The FAI (Football Association of Ireland) has claimed that they are committed to "learning their lessons" around an incident where Chief Executive Jonathan Hill received payments outside an agreement set out in the Memorandum of Understanding between the government and the FAI, which led to the association's bailout in 2020.
A Sport Ireland-commissioned audit found that the FAI's CEO Hill received payments, which were made to him in lieu of holidays not taken, and expenses related to commuting from the UK, were above an agreed limit. Hill has agreed to pay back the money owed.
The FAI has now issued a statement claiming that an incident will not happen again, while also claiming that they will implement the changes that Sport Ireland has recommended.
The FAI's statement on Thursday read: "The Board of the Football Association of Ireland met yesterday evening to discuss the recent issues surrounding the compliance of the Association with respect to the Memorandum of Understanding with the Government.
"Regarding the MOU clause relating to CEO remuneration, the Board has conducted a full and detailed review of the issue with the Executive. The Board regrets what happened and is committed to ensuring the lessons learned are fully adopted.
"The Board and the Executive team fully accept the recommendations of the report from Sport Ireland and are committed to implementing the recommendations immediately."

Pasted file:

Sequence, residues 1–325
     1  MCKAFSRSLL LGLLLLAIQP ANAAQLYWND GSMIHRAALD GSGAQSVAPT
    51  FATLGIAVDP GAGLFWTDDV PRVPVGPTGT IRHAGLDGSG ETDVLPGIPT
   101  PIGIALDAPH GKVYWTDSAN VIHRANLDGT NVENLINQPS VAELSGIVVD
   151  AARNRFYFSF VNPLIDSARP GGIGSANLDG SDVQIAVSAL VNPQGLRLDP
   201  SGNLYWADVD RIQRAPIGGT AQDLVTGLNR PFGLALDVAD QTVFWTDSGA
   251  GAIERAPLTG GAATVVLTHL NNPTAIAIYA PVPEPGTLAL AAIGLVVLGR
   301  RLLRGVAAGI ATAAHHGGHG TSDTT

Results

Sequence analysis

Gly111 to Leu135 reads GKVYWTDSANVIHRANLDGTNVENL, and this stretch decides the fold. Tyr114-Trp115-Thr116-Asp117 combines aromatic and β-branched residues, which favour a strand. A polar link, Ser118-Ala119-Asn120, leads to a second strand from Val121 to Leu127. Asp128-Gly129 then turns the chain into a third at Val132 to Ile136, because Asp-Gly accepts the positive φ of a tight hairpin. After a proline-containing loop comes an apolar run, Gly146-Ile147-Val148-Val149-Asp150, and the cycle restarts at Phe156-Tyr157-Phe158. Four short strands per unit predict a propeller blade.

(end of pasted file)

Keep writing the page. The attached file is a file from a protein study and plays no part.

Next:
🗣 'I think he is in danger."
🗣 "The tolerance levels are at the bottom because of what happened before."@MarkLTighe discusses the controversy surrounding FAI chief executive officer Jonathan Hill. | ⚽️
Off the Ball Football with @williamhillire. pic.twitter.com/U2uATvRhBC
— Off The Ball (@offtheball) November 15, 2023
The FAI did not secure the necessary 75% majority to pass a proposal for a constitutional change allowing the addition of two female members to its board several weeks ago.
This is seen as a violation of the Memorandum of Understanding, which mandates 40% female representation on the board by year-end. Minister of State for Sport Thomas Byrne cautioned the FAI about a potential 50% funding cut for projects next year unless they fulfil promised governance reforms. 155 of 163 agreed reforms had been implemented to date.
The FAI, in their statement, also said they aimed to improve its gender diversity by 40% by the end of the year. The same statement says that the FAI will discuss any solutions they can find with the government on the matters left to resolve.
"The Board also discussed the decision taken at the EGM on November 9th, not to approve changes to the Constitution that would have enabled the FAI to achieve its 40% female gender representation by the end of 2023.
"The Board has noted the subsequent comments made by Minister of State at the Department of Tourism, Culture, Arts, Gaeltacht, Sport and Media Thomas Byrne where he clearly outlined the requirement to maintain a 50:50 ratio of Football Directors to Independent Directors into 2024 and beyond for the FAI to secure the full financial support of the Government.
"The FAI Board will consult with a cross-section of members in the coming days to discuss potential solutions so that recommendations can be brought forward."